I know better than anyone that Swedish film must now appeal to the world audience in order to hold onto its economic power […] We must now think of our audiences in China and Japan, not only in Scandinavia.
– Finnish-Swedish film director Mauritz Stiller ‘Ideal-regissor och regissorideal, 1920’
Looking historically at Scandinavian film and television, the localised films have circulated much earlier than imagined. Mauritz Stiller’s 1920 statement is misleading – Scandinavian films actually went to China as early as 1912. Scandinavian films have always been made for the global audience and were never intended solely for Scandinavian audiences. This is the case with modern Scandinavian film – as we move towards bigger budgets, diverse co-productions and an international cast and crew, our films are becoming increasingly sold around the world.
This year it is China that has taken a large interest in Scandinavian film. With the Beijing International Film Festival in April we saw a special focus on Danish film: seven films screened at the festival and Christina Rosendahl won Best Director for her political thriller The Idealist and Martin Zandvliet’s historical drama Land of Mine winning Best Film. These were the first Danish films to compete in the festival’s six-year history. Furthermore, Zentropa has opened an international office in China, with Zentropa China producing its first film based on a story of Hans Christian Andersen and the idyllic town of Odense, which will no doubt draw Chinese tourists to the region – though that’s another topic altogether.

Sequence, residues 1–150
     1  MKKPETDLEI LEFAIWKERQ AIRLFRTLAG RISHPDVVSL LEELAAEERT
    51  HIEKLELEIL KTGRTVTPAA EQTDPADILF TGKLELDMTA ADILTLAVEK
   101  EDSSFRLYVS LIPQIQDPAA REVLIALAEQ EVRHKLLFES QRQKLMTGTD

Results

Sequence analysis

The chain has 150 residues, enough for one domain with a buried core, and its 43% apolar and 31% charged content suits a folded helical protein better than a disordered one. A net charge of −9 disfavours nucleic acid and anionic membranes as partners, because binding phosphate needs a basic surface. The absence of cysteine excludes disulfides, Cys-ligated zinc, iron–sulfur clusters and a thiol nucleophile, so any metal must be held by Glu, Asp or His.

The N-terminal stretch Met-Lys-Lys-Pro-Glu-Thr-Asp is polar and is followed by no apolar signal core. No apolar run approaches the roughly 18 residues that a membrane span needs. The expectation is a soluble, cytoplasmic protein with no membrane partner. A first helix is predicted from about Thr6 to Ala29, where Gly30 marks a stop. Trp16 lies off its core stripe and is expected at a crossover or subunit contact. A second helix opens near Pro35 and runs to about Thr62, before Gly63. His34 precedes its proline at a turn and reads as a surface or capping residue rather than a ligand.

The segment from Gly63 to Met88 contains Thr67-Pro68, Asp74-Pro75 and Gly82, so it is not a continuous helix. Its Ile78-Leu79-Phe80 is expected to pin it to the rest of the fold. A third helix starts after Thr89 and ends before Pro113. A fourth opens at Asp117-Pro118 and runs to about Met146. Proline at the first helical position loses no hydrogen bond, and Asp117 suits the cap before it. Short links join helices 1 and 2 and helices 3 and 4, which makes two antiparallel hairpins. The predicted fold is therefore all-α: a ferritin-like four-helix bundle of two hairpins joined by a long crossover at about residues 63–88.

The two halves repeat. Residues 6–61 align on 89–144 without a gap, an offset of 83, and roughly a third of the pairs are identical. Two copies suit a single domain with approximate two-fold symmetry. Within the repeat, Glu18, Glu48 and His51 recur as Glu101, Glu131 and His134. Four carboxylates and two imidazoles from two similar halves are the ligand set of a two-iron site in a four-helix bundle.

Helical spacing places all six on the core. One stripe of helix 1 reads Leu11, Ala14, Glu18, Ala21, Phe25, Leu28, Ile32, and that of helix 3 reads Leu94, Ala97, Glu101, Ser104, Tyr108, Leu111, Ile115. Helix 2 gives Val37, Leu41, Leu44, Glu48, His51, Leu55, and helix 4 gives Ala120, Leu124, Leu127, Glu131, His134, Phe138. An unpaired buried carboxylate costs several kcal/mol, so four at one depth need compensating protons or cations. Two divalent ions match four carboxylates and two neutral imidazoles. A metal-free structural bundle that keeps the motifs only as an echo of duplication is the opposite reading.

At this years Cannes Film Festival TrustNordisk secured a sale of ten films to China, practically selling out their entire collection. The Chinese company DD Dream’s acquisitions include Thomas Vinterberg’s The Commune, adventure epic The Last King by Nils Gaup, Erik Skjoldbjærg’s Pyromaniac and Vibeke Idsøe’s historical drama The Lion Woman.
HGC Entertainment acquired A Man Called Ove, Mads Matthiesen’s fashion-world drama The Model, Lisa Ohlin’s romantic drama Walk With Me, Nicola Donato’s Across the Waters and Jesper Nielsen’s The Day Will Come, about abuse at a boys home in the 1960s.
These deals were negotiated by TrustNordisk Sales Manager Nicolai Korsgaard, who sat down with Cinema Scandinavia to explain the current interest from Chinese distribution companies.
Cinema Scandinavia: What is the reception towards Scandinavian film like at the Cannes Film Market?
Nicolai Korsgaard: There has been a sold interest ever since the Dogme days began. I don’t feel that there hasn’t been a down period for us. There have been waves where we have been better in some genres and these days we are doing really well with big commercial movies like The Wave from Norway. Now we are working on The Last King which was released in February in Norway. So there’s big interest for these kind of movies as well as all of our director-driven movies, which includes Lars von Trier, Susanne Bier and Thomas Vinterberg. TrustNordisk has always been able to provide something for everyone within all genres, actually. I thought it would be a slow Cannes so we mainly had pre-sales titles, but it ended up being a very busy Cannes. Overall, we had over three hundred meetings in our Cannes office. There were so many buyers. Usually we have an official thirty-minute meeting and it was impossible this year for me so I only did fifteen-minute meetings.